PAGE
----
PARIS — Asked whom he sees as J. Crew’s main competitors in Paris as the American brand sets its first boutique in the Marais district, Millard “Mickey” Drexler didn’t hesitate for one second. “Anyone with a sewing machine,” he replied.
Yet J. Crew Group Inc.’s chairman and chief executive is sanguine, convinced word-of-mouth will propel J. Crew’s fortunes in a capital he equates with style.
“Part of getting well-known is having a presence. Hopefully, people who shop here will tell their friends to shop here,” he said in an interview Wednesday, seated under a grand skylight at the center of the 1,800-square-foot women’s unit at 12 Rue Malher, previously the home of a L’Eclaireur men’s shop. “I think we’ll become a destination for fashion customers.”
The retailer brightened up the space by exposing pale stone previously hidden behind walls, employing mainly blonde woods for floors and racks and using white marble and antique brass for tables laden with books, reclining mannequins and folded apparel.
Gallery posters, a mirrored artwork spelling out “Take Me, I’m Yours” and quirky Dr. Seuss-worthy fur sculptures add a whimsical touch and echo the range of colors and patterns winking from the rails.
J. Crew plans to follow up with a men’s store in Paris, and possibly a Crewcuts unit for its children’s range. “The French love Crewcuts and they love kid’s clothing,” Drexler said.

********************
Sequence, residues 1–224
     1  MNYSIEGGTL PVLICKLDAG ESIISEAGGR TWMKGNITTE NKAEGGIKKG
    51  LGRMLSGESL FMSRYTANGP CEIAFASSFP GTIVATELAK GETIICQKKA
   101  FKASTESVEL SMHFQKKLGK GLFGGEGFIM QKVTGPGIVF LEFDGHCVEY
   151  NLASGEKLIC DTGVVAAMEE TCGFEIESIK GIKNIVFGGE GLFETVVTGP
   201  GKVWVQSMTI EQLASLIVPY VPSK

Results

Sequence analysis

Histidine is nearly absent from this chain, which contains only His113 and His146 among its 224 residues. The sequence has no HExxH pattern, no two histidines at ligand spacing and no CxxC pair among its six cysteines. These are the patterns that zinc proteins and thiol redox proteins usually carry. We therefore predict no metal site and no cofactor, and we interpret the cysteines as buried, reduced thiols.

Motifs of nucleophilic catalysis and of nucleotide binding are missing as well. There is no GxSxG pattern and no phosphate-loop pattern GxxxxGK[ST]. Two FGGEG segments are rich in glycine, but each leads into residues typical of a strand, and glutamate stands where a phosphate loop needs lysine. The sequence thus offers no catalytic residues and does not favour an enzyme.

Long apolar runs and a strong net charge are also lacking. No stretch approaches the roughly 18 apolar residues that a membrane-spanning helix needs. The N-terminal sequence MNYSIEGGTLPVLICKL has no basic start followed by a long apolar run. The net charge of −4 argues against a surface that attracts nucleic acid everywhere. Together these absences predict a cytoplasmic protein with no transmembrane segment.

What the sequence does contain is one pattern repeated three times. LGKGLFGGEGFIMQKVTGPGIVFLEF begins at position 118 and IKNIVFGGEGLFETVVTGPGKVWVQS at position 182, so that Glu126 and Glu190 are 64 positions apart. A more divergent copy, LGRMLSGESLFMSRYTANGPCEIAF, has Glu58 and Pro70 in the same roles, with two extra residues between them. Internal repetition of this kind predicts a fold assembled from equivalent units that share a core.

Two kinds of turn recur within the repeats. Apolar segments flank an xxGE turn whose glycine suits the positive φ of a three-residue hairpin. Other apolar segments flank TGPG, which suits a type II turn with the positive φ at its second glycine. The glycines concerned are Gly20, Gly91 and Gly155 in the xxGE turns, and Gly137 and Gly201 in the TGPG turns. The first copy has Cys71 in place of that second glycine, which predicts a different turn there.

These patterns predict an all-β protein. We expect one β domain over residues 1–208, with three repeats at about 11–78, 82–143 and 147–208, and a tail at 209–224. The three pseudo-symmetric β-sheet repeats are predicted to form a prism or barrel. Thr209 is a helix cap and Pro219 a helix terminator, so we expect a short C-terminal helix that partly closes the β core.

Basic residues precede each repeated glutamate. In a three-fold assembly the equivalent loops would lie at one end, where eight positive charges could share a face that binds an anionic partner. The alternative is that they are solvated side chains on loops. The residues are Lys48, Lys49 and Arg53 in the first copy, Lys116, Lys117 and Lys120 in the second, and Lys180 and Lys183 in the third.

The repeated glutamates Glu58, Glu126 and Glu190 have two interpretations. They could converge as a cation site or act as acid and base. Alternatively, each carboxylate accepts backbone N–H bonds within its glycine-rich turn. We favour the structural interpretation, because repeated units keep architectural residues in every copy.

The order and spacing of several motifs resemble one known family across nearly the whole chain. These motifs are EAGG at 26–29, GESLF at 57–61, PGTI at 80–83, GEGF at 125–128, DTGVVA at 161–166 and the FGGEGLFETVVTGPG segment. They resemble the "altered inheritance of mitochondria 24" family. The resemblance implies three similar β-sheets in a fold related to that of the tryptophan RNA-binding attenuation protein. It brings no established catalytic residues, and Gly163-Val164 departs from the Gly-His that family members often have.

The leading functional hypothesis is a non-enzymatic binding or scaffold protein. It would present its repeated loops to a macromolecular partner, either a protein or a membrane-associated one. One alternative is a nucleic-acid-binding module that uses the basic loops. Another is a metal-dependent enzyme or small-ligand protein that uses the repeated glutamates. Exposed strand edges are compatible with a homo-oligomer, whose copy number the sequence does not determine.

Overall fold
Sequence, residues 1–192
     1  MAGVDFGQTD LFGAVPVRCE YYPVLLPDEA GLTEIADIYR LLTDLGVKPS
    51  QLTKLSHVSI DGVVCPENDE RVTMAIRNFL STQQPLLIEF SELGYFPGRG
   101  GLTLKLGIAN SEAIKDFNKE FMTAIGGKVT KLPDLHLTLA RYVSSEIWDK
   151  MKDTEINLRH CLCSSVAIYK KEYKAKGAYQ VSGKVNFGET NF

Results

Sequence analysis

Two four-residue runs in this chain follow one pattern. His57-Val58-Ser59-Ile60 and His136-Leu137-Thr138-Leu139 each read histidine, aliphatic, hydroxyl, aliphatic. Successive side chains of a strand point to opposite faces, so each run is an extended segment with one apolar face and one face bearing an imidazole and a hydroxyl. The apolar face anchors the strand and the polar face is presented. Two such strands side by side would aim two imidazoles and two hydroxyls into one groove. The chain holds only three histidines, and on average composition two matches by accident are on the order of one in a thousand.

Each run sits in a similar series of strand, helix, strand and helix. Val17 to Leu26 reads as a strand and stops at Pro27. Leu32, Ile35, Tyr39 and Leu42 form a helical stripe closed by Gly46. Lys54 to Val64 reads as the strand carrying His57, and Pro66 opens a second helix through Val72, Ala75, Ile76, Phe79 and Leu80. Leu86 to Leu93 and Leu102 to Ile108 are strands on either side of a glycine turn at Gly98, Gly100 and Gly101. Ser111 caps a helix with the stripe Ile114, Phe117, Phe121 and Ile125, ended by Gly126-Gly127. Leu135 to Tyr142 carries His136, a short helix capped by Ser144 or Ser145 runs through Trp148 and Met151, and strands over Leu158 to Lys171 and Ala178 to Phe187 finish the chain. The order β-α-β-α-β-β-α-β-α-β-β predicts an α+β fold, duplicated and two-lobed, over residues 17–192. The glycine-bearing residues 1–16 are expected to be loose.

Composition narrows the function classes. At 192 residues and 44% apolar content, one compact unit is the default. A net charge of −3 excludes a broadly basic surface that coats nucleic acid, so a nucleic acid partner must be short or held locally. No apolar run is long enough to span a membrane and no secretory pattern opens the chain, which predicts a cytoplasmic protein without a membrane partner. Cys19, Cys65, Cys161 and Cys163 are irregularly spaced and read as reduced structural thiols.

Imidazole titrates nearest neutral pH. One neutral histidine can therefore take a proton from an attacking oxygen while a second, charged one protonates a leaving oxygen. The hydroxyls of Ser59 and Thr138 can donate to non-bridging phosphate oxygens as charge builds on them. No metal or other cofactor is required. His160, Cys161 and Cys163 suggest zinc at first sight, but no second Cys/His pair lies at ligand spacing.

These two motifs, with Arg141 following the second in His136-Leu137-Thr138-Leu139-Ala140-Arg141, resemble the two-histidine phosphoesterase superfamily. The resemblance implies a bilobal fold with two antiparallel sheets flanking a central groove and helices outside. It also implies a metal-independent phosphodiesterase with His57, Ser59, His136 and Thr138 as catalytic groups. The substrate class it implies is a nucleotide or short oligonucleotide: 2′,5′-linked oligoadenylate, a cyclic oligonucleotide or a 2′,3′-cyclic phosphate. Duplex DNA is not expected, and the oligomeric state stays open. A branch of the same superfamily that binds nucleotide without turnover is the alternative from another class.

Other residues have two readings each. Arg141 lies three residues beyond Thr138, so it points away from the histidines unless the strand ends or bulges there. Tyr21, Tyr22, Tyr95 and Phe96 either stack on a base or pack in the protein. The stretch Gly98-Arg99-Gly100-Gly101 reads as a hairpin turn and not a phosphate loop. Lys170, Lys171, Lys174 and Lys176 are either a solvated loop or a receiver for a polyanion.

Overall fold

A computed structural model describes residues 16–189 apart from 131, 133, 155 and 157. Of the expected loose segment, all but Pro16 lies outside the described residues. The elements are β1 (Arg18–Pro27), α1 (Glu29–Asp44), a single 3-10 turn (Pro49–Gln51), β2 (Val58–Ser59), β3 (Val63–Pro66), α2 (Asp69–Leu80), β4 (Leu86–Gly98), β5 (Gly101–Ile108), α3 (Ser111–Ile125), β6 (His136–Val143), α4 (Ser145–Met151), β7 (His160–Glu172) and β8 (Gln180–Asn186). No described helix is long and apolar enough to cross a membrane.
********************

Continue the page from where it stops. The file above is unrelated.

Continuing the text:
The executive said J. Crew is at the early stages of its international expansion, having started in London in 2013, where it already counts five locations.
“We’re serious about it, but we’re not in a hurry,” he said, estimating international sales represent less than five percent of the retailer’s revenues.
While French consumers are now among the top 10 countries for J. Crew’s online business, the company has yet to set up shop in Australia, Germany and Japan, where the brand also enjoys a strong following.
The Paris unit offers a range of collections and price points, from knits in an array of colors lined up on a bench to limited-edition pieces from J. Crew Collection, and a special capsule in collaboration with Saint James, a Breton maker of striped sailor tops, here embellished with feathers, sequins and studs.
The brand also collaborated with Lacoste on a polo shirt and Swarovski on items appliquéd with phrases such as, “Pardon My French.”
Drexler said the diversity is deliberate, acknowledging that assortments in its Brompton Road unit in London were initially too upscale. “We balanced that out. What woman doesn’t want to get a T-shirt?” he asked.
Following lunch in a neighborhood bistro, the apparel veteran was eager to explore the burgeoning Marais district, and other specialty retailers. On Tuesday, he had visited the recently renovated food halls at Le Bon Marché and raved about displays exalting water, cheese and meat. “I did about 10 pictures,” he said. “It’s not just about clothing. It’s about who does things creatively.”